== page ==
Duplicate data images can be maintained, one on each of two such workstation-file servers, reflecting all relevant data-write activity on the network including writes emanating from the workstation-file servers. This system is of value in many smaller environments, for example, to run cash registers in a point of sale environment. In an exemplary embodiment, a back room terminal may provide primary storage and support administrative workstation activities while a cash terminal up front supports storage of a secondary data image and posts sales.
Dividing the network lead
As described above, the network processing load can be divided between file servers FS1 and FS2 in a number of ways, by workstation, as shown in FIG. 1, or by application or file usage. An alternative division of load can be effected according to the need of individual users for read or read-and-write access.
Files shared by multiple network users should preferably be separately accessed via one server or the other, but not by both, although there are ways, to be described, to manage dual server access of a shared file. Shared access is normally managed by using access locks which prevent multiple users from writing independent changes to the shared file and ensure that all write activity is cumulative. Under the ubiquitous Novell NETWARE (trademark) network operating system, information as to the lock status of files is maintained on the server providing storage access, in a lock table.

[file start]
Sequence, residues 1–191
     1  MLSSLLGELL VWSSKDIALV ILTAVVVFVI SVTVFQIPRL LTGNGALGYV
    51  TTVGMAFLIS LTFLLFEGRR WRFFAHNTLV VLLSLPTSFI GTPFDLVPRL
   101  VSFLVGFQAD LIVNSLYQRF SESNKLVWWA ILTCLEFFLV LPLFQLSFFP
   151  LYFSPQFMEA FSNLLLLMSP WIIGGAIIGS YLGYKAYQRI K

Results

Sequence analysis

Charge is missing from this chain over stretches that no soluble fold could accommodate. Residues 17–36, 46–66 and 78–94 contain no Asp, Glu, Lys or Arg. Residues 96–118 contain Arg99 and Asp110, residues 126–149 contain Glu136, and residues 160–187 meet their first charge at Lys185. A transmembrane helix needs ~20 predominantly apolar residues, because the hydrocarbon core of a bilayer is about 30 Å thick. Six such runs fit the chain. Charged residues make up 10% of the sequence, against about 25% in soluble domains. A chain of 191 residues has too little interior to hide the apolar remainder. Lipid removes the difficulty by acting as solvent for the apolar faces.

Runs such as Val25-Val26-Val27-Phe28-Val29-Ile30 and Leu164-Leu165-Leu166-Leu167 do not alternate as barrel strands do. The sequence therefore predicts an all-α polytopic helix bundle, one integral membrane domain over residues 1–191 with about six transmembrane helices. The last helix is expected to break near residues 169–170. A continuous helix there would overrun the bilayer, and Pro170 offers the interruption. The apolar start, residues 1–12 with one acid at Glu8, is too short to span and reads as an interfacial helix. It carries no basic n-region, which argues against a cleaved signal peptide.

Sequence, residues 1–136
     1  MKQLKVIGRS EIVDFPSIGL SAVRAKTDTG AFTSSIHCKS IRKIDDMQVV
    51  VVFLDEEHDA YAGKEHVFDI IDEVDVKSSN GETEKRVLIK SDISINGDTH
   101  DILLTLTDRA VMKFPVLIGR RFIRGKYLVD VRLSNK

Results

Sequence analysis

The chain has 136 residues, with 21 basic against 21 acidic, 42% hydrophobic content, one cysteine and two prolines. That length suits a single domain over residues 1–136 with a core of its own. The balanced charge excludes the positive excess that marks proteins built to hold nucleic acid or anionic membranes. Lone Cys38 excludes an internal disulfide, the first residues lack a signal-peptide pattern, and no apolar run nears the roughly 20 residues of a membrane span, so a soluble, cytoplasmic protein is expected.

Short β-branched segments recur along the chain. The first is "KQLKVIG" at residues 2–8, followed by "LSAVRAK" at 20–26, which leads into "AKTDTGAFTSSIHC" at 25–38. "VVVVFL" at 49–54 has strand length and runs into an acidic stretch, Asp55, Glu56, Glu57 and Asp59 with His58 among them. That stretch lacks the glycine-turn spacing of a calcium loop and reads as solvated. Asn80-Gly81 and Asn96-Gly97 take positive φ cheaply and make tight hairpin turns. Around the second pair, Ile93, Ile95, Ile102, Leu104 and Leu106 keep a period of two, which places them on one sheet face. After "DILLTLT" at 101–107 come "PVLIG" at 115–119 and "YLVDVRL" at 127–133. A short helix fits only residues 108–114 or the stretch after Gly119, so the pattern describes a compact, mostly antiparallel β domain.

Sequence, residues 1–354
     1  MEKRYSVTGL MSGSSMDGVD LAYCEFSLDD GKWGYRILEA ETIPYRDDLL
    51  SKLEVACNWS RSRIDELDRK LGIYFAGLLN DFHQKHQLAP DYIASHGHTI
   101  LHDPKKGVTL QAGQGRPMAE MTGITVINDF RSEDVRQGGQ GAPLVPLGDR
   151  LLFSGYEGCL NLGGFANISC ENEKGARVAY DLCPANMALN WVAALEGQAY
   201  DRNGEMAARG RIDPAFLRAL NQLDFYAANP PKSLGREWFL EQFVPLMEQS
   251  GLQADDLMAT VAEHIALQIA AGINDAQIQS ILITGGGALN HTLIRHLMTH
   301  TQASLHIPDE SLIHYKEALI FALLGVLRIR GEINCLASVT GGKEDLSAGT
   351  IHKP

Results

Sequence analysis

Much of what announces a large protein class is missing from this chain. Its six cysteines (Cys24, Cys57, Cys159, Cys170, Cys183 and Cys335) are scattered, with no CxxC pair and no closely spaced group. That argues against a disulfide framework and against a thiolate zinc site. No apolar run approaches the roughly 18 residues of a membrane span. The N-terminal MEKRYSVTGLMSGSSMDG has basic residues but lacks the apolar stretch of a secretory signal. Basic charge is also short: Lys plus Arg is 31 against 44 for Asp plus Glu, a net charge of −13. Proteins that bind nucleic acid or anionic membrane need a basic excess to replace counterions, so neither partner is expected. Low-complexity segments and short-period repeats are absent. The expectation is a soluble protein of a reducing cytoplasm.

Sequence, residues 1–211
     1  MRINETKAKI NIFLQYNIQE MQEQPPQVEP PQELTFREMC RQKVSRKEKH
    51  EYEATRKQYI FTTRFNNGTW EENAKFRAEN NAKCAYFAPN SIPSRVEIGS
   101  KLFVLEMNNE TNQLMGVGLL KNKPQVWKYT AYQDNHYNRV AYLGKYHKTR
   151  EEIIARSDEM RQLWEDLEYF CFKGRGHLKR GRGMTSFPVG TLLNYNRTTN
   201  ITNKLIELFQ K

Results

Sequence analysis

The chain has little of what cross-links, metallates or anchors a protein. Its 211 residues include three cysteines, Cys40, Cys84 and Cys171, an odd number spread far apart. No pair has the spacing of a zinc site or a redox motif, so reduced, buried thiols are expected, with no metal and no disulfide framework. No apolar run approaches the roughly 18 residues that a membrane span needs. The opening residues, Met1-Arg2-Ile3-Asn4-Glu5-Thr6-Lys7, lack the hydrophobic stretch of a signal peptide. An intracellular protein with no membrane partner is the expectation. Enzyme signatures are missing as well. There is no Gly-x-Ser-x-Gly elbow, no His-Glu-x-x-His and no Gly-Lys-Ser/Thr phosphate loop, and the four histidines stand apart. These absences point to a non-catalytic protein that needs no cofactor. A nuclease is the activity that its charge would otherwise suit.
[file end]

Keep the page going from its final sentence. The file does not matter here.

If access to a shared file is required to be available to the workstations via both or either server, lock table integrity can be maintained for example by permitting only read-only access to the file via one of the servers. Alternatively, the lock table may be maintained on the high-availability storage device to be accessible to both servers.
Referring to the block flow diagram of FIG. 2, which indicates schematically one possible software processing sequence according to the invention, as it may be executed at a workstation on a server-redundant network, or at a client of multiple servers, a data-related, routed, drive request from an application is intercepted via a suitable workstation operating system interrupt 40, for example, DOS interrupt 21. Protected route query 42 checks whether the requested drive route was specified for monitoring at initialization of the inventive data-access protection software.